Monday is here already, the weekend was quick and classes are starting.  Today we walked through Rome as a group visiting and learning about different churches and piazzas throughout the city.  Our day started at about 8AM with a wonderful breakfast from the Hotel Derby and we ventured out to the Piazza del Popolo.  Here we stopped at the Chiesa di Sta. Maria del Popolo.  This was my first experience in a Roman church and I was awestruck when i entered.  The detail and feeling of hierarchy is almost overwhelming it is so amazing.

These two pictures show the detail of the interior of the church and the openness of the Piazza, notice the axiality of the placement of the obelisque in the center of the Piazza interupting the view of one gets of the axis between the two churches beyond.

My favorite stop of the day was to the Sant’ Andrea delle Valle which was indescribable to be inside.  The gold was so intense and the church has huge vaulted ceilings that made you feel like an ant.  The detail on the sculptures and organs that hung from the walls were incredible. The church was designed and built between 1590 and 1650 and has an exterior facade that is a baroque style and the interior has a plan that represents a Latin cross that is flanked at the sides by 8 different chapels.  This church isn’t as wide as many others but instead focuses on the vertical and goes higher in proportion to its width.

We visited other churches and Piazzas as well today, not all of them were open, but they were still worth stopping by.  On our lunch break I was able to visit the Pantheon which is one of the places I’ve been looking forward to visiting most.  The oculus inside was much bigger then I had imagined it would be in my mind, and the entire structure and interior and simplicity of the Pantheon was extremely intriguing.  I also learned that if I ever get homesick and need some American food that McDonalds has opened shop on axis with the entrance to the Pantheon!

We ended our day at the Trevi fountain which is a huge place for tourists and was packed.  The fountain is the biggest I’ve seen yet and had water coming from every which way which was an amazing sight to see.

Today was a day filled with lots of walking, but we were able to see many different places in Rome so in my mind it was a success.  Although we couldn’t get into every place we wanted to, even the outsides were something to be noticed. Arrivederci!

Campidoglio and Beyond

So it’s my first full day in Rome and I couldn’t be more excited.  We met in the morning and then sent loose to go visit a site that each of us were assigned.  My site was the Campidoglio which is a pretty incredible space near the Coliseum and the equivalent to the Capitol Building in the US.  It sits framed by two museums in a piazza.  It was designed by Michelangelo and oriented in a way that it faces the Basilica of St. Peters.  Today was my first real look at Rome and my first real experience being out of the USA (besides a trip to the Bahamas in high school) and I couldn’t be more excited and in awe.  Everything around me is so different from anything I’ve experienced before and I cannot wait to see more.  Throughout the day after sketching and taking pictures all around the Campidoglio I walked all around the area looking at the Monument to Vittorio Emanuele II which surprisingly was only finished in 1935, but still a pretty incredible structure to look at, it gives you the feeling that you are so small in the presence of something so big.  Today was a good day and I cannot wait to see what is in store for the rest of the time in Rome and experience many Italian traditions.  Ciao!!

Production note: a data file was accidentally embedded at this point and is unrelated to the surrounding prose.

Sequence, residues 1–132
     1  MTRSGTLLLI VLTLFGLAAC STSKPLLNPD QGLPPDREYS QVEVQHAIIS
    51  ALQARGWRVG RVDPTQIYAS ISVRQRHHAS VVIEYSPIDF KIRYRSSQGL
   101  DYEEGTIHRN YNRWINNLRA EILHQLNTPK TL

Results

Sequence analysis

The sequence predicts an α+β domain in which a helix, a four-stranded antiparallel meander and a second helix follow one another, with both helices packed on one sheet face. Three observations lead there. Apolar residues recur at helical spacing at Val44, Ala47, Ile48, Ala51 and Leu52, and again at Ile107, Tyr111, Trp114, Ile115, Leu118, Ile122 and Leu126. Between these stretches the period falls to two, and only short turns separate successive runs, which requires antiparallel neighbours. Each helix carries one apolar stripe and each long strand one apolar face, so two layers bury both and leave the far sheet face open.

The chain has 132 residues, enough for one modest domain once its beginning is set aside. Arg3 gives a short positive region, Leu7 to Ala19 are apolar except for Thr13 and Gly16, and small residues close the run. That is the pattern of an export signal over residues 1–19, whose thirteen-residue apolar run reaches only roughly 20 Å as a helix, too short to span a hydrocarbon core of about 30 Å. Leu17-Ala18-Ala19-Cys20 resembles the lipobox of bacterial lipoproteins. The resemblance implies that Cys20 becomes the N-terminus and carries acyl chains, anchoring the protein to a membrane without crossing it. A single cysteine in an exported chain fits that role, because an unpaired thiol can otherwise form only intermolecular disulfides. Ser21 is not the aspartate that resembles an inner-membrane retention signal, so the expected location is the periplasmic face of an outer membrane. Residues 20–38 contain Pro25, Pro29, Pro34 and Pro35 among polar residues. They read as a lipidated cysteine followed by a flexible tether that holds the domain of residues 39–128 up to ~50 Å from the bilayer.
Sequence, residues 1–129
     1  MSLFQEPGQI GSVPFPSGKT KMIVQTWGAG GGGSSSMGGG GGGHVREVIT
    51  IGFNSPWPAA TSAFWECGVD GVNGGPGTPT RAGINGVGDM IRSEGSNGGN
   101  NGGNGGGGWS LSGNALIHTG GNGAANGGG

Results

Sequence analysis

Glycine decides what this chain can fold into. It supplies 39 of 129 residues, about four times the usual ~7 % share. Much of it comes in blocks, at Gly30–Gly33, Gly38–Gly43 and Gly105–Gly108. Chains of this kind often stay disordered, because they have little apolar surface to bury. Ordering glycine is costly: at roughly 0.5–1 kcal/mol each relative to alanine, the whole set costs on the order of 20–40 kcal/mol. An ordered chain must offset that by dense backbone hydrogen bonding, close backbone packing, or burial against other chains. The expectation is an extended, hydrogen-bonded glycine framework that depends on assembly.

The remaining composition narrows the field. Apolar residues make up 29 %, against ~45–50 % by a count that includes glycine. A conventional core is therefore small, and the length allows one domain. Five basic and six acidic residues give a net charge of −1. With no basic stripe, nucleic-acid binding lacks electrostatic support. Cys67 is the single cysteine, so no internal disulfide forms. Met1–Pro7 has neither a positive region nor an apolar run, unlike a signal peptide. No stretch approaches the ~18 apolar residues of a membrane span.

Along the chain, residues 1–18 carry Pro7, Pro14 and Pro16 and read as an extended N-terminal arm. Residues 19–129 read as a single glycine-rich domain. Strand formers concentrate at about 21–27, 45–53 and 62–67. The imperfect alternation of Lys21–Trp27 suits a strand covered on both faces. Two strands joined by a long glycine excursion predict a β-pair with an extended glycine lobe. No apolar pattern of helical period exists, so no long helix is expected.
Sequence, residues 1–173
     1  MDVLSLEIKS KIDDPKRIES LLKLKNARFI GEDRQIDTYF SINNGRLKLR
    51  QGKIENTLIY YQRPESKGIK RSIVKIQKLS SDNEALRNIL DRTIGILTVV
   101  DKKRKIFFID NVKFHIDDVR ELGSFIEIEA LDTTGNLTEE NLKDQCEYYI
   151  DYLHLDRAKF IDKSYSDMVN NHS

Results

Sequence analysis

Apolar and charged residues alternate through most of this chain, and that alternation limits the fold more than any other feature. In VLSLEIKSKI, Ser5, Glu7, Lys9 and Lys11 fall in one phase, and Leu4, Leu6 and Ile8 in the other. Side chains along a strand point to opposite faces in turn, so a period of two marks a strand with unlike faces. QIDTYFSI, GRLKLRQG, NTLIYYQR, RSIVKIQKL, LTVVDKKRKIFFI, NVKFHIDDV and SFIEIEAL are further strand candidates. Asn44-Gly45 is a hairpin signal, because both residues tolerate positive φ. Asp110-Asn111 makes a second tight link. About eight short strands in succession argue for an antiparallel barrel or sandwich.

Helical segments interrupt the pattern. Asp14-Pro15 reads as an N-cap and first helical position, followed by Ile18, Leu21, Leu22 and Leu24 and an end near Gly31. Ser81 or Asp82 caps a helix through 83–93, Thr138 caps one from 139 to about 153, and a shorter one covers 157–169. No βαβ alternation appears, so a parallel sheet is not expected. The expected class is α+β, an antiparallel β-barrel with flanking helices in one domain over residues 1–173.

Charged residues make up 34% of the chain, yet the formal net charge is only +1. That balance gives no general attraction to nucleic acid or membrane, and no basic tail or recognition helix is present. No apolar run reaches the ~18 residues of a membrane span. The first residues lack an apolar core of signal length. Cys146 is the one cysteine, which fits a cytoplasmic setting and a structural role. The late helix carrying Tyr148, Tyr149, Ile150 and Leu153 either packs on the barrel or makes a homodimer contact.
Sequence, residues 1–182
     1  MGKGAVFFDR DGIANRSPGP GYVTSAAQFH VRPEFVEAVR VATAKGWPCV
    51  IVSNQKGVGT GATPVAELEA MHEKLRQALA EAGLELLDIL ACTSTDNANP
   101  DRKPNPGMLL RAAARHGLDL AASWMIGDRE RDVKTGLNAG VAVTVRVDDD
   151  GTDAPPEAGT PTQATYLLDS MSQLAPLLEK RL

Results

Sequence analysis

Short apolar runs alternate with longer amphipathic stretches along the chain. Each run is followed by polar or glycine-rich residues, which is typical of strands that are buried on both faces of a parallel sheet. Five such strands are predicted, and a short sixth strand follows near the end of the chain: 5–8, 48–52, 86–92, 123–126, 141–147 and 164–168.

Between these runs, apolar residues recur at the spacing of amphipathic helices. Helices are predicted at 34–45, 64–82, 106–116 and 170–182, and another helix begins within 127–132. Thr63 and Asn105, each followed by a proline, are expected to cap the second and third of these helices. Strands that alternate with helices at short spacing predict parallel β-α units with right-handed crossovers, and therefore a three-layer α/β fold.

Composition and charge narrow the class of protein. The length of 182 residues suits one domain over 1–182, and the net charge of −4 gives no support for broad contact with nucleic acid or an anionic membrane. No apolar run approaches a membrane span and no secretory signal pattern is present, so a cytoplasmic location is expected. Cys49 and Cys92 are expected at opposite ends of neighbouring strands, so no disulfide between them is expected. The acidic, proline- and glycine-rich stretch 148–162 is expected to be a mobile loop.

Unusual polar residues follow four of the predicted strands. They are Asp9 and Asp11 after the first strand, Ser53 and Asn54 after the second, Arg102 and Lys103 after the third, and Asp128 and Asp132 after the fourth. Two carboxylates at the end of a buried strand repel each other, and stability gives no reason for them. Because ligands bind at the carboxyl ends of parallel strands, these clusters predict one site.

Roma Termini

Wow, landed in Italy and took a train to Rome.  I cannot believe I’m actually here, and our first experience in Rome is that the Bus that is supposed to take us to the hotel isn’t answering, no big deal we’ll take the subway.  NOT! Subway is on strike and cabs are overcharging unknowing tourists.  We decide to walk 3 miles with 6 weeks of luggage through the back streets of Rome to get to our hotel.  What a trip that was, got to see some cool stuff like the coliseum and Constantine’s Arch but barely noticed it because we were all so tired and our muscles hurt from carrying luggage, but a good experience overall, we were the talk of the town the next day, everyone was talking about how we were walking through the streets in the middle of the night with luggage in hand.  It was an experience I won’t soon forget and something that no other class who went on this trip has done.